Maine’s 2018 wild blueberry harvest was the smallest in more than a dozen years, but prices paid to farmers rebounded after years of declines.

That’s good news for the state’s 485 blueberry growers as they deal with a glut of their product on the market caused by the arrival of lower-priced cultivated berries. Concerns continue this year as a cool, rainy spring followed by a hot dry summer are taxing Maine’s berry production.

“It is everything together, it continues to impact the industry,” Harrington grower Courtney Hammond said of the weather and market pressures.

Maine blueberry farmers harvested 50.3 million pounds last year, less than half of what the state produced just five years ago, according to recent data from the U.S. Department of Agriculture. But the price for the smaller crop nearly doubled from 2017, to almost 46 cents a pound.

Blueberry growers hope improving prices are a signal the industry may be on the rebound after years of overproduction and low prices, said Patricia Kontur, interim executive director of the Wild Blueberry Commission of Maine.

“We are hoping we are going up, our fingers are crossed and we are trying to be as optimistic as possible,” Kontur said.

Maine produced more than 100 million pounds of wild blueberries a year between 2014 and 2016. That production surge created a glut in the market as Maine contended with competition from Canadian growers and the powerful cultivated blueberry industry.

Prices plummeted to 25 cents a pound for frozen berries in 2017, the lowest price in 32 years. Almost the entire wild blueberry crop in Maine is frozen by a few large processing companies.

It’s positive that prices have come up from last year’s slump, but the industry “is still going through a very challenging period where small harvests have led to high costs, while at the same time, prices have remained significantly below historical averages for both growers and processors, due in part to increased global supply of ordinary, cultivated blueberries,” said Tony Shurman, president and CEO of Wyman’s of Maine, a major berry growing and processing company in Milbridge.

Facing depressed prices, some growers have opted not to harvest their fields. Farmers raked 18,800 acres of blueberries last year, about 4,000 fewer than four years before.

A lot of that oversupply has now been sold off, and a smaller harvest means better prices for growers and companies that brought in a crop last year, Kontur said. The hope is the industry can return to stable prices and production, enough to consistently provide product for customers, she added.

“It looks like now we are in a much better place after a couple years of low crops.”

NEW MARKETS FOR A ‘SUPERFOOD’

The Wild Blueberry Association of North America, the industry’s marketing arm, pioneered selling berries as a “superfood” filled with antioxidants and other healthy properties, but has struggled to differentiate Maine’s wild berries from the larger cultivated varieties.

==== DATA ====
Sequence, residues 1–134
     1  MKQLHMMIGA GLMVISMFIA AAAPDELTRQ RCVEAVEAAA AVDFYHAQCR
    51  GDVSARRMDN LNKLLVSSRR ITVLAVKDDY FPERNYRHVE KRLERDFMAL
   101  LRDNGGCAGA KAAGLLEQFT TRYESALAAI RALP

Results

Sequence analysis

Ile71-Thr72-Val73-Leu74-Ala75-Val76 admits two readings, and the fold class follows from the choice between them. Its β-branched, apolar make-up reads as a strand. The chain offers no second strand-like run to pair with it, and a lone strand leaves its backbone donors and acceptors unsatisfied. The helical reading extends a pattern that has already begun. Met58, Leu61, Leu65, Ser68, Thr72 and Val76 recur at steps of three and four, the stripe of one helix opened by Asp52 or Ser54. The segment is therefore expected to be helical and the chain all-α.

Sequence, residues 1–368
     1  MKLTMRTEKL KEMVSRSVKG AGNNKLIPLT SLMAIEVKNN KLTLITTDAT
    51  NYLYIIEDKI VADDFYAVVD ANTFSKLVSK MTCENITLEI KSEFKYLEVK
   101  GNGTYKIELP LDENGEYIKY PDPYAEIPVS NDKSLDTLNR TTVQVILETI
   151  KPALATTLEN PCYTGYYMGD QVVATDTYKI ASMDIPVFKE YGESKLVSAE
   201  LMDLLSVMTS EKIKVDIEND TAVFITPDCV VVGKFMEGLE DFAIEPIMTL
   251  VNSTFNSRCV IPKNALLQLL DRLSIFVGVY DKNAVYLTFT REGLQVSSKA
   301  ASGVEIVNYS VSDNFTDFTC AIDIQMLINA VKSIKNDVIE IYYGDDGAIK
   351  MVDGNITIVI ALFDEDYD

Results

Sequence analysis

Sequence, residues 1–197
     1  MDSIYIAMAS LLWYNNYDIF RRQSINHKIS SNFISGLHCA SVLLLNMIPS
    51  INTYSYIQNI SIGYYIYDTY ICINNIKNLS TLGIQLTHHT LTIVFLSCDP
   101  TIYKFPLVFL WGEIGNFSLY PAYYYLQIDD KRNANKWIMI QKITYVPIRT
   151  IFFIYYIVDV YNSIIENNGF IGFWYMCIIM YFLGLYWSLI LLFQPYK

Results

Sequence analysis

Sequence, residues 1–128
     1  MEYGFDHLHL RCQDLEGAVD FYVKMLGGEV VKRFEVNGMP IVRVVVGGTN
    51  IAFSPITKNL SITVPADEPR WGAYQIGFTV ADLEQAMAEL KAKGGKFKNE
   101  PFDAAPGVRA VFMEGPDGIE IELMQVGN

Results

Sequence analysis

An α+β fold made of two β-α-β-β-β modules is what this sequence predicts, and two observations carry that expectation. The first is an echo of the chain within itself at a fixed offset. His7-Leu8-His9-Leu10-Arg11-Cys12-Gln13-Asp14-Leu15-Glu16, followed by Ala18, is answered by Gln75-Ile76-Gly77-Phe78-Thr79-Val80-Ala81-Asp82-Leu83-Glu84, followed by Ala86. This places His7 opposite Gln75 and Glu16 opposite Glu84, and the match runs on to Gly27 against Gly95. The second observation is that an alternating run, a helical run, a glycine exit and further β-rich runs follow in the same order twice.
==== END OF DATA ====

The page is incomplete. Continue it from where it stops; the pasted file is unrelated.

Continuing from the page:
The association is testing new markets for berries, including chain restaurants and food service companies, Kontur added. Its work is funded with a 1.5 cent per-pound berry tax.

“We are trying to build the food service side, so that businesses, whether it is a chain restaurant or specialty restaurant, begin to use more wild blueberries in their recipes,” Kontur said.

Last month, Maine Agriculture Commissioner Amanda Beal and the state’s congressional delegation asked the USDA to include wild blueberry growers in a $16 billion federal purchasing and marketing program to assist farmers hurt by retaliatory tariffs in an ongoing trade war with China.

The federal government plans to buy $5 million worth of blueberries as part of the program, but a USDA spokesman did not respond when asked whether the purchase included cultivated blueberries or only wild blueberries. Last year, the federal government bought $9.4 million of surplus berries.

The industry’s economic woes broke into political tensions this year, when small independent growers pushed for equal representation with processing companies on the state commission. A law to amend commission membership goes into effect next month.

SPRING’S SIGNIFICANT DAMAGE

While a bump in prices paid to farmers is welcome news, a tough growing season may dampen hopes for increasing yields. A cold, rainy spring made blueberry barrens too wet to work in, delaying pollination and fostering fungal diseases. Hot, dry weather in July has stressed plants.

Hammond, the blueberry grower from Harrington, expects a smaller harvest than last year. Based on what he’s seen in his and other fields, the bad spring weather did significant damage. In other areas, fields are losing productivity because growers haven’t had the money to invest in fertilizer and other inputs to maintain all their land.

An acre of wild blueberry land had an average yield of 2,680 pound last year, almost half of what it was in 2014.

Hammond’s family operation lost money when it sold its harvest to a processor to freeze last year and they had planned to sit this season out. Hammond’s fresh blueberry business is doing well and he intended to focus on that this year instead of gambling on whether frozen berries would turn a profit.

But when a processor offered him a last-minute guaranteed minimum price for his berries, Hammond scrambled to prepare 200 acres with bees, pesticides and fungicides. Now it’s a waiting game to see if it works out.

“I’ve got my fingers crossed, that’s all I can say,” he said.

 

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